Saturday, April 28, 2018

Bring Cole Back

If the Phillies are at all serious about winning this season, they better get serious with the rotation. Right now, it's semi-good and semi-bad and way too right-handed.

Take a look.
Jake Arrieta, 3-0, 1.82, right-handed
Aaron Nola, 3-1, 2.58, right-hander
Nick Pivetta, 1-0, 2.57, right-hander

So far, so good. Not just good but good-good.

But then it goes downhill, fast
Vince Velasquez, 1-3, 4.50, right-handed
Ben Lively, 0-2, 6.85, right-handed, on the DL
Jake Thompson, 0-0, right-handed, just brought up to replace Lively
Jerald Eickhoff, on the DL, right-handed
Zach Eflin, right-handed, 0-0

What is it the Phillies don't see here that you and I do? Where are the left-handers? Granted, if an all right-handed rotation is pitching the lights out, who's complaining? But the Phillies rotation is far from lights out. It needs a left-hander.

It needs Cole Hamels.

It's not that Mr. Hamels is setting the world on fire this season in Texas. He's 1-4, 4.41, in the six games. But he hasn't pitched badly. Typical of Hamels — like a shadow that follows him — he's had little run support.

The 34-year-old Hamels is in the final year of a six-year contract at $22.5 million, with a club buyout option of $6 million next season. Compare that to Jake Arrieta's contract: First-year of a three-year $75 million deal; $30 million this season, $25 million next, and $20 million in 2020. All these millions are getting me tired. I think I need a nap.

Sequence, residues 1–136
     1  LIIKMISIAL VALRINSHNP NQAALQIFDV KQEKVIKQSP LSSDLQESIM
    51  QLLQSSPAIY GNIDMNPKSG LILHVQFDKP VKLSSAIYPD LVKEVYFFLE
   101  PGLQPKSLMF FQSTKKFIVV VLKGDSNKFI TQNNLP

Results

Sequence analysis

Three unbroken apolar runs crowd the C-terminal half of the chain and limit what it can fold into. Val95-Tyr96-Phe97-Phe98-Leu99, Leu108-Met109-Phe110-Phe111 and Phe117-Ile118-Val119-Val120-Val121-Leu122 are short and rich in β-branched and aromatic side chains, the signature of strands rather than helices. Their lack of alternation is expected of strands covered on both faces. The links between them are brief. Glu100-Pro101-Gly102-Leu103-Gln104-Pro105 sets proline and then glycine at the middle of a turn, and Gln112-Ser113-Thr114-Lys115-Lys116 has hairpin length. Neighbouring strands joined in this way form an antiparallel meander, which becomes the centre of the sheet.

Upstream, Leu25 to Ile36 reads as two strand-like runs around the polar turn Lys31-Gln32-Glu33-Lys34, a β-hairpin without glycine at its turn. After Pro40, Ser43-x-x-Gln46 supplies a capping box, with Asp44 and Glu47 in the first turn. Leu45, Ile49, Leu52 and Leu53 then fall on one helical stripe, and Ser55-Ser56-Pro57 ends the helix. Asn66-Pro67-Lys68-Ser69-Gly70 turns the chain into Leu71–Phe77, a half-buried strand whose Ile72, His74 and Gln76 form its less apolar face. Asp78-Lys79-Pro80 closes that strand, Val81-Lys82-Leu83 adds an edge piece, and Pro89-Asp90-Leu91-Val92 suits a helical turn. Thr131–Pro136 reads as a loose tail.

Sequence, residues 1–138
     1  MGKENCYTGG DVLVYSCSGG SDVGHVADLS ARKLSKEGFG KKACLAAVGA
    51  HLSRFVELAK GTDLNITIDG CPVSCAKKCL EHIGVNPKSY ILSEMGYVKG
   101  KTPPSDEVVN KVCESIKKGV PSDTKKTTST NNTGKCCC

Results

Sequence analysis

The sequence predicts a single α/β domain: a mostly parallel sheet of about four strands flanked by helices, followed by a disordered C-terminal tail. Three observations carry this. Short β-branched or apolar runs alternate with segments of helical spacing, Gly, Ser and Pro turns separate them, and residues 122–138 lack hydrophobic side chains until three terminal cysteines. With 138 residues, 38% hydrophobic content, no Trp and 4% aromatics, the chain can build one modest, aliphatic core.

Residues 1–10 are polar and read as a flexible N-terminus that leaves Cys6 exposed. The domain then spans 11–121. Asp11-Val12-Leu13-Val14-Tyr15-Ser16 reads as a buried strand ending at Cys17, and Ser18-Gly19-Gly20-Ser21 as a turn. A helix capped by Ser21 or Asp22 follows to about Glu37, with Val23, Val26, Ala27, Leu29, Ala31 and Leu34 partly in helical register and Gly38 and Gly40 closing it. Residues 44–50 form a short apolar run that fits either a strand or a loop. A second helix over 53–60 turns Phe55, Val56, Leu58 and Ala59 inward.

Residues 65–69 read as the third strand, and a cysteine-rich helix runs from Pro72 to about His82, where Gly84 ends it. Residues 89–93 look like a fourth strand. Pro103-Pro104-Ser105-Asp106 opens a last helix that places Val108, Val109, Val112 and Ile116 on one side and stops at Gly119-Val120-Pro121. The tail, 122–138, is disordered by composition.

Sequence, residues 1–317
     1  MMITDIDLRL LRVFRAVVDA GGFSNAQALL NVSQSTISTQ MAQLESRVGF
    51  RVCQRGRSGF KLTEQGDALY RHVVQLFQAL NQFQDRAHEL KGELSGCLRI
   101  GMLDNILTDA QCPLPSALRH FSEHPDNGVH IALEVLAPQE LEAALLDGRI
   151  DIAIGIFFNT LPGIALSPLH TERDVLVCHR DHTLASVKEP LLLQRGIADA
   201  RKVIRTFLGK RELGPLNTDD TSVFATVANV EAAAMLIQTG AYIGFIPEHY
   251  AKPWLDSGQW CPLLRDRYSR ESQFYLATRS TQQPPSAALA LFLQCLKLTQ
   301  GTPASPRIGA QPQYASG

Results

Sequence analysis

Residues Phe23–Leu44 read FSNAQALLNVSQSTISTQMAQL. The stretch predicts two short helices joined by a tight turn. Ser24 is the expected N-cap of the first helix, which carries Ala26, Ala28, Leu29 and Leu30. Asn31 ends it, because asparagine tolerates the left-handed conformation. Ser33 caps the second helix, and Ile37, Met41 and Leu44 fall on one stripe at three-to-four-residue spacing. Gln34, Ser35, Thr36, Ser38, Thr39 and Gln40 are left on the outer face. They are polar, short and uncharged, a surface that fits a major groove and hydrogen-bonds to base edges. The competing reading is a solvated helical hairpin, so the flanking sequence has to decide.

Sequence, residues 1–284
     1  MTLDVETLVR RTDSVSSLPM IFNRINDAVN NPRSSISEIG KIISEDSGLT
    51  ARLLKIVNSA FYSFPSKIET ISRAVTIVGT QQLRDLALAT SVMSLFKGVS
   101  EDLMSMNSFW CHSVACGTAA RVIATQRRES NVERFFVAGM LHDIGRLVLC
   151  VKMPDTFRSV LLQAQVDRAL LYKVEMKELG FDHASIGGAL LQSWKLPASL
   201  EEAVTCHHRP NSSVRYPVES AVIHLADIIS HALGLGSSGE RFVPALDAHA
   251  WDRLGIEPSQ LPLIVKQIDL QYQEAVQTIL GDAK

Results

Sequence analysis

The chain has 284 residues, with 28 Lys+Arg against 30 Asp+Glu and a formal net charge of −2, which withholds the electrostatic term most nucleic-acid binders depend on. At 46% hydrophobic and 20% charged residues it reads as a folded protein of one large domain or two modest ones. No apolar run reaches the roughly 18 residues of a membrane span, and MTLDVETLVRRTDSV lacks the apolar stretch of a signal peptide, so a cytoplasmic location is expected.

Lookit. If the Phillies organization is so big on analytics, why have a completely right-handed rotation? Doesn't that go against the grain of analytics? You think there are line-ups around the league that don't do well against left-handers? Duh! So if we're so big on analytics, make the rotation analytical, too. It's not rocket science.

The Phillies could certainly afford Mr. Hamels, a homegrown, hometown favorite, and MVP of the 2008 World Series. Texas is not going anywhere this season and might want to unload Mr. Hamels' salary for a couple of low-level prospects. The Rangers are 10-17 and mired in last place in the American League West.

But here's the thing. Mr. Hamels has a limited no-trade clause with the Rangers, which means there may be a list of teams Texas can't trade Mr. Hamels too.

And here's another thing. Texas would be better off holding Mr. Hamels until the trade deadline, figuring a number of teams will be in the division and wild-card races. The Yankees, for example, might give more than low-level prospects to acquire Mr. Hamels in mid-July.

But this is what they pay GM's for — to sweeten the pot. Go get Hamels now, Mr. Klentak.

Velasquez, Thompson, Eickhoff, and Eflin


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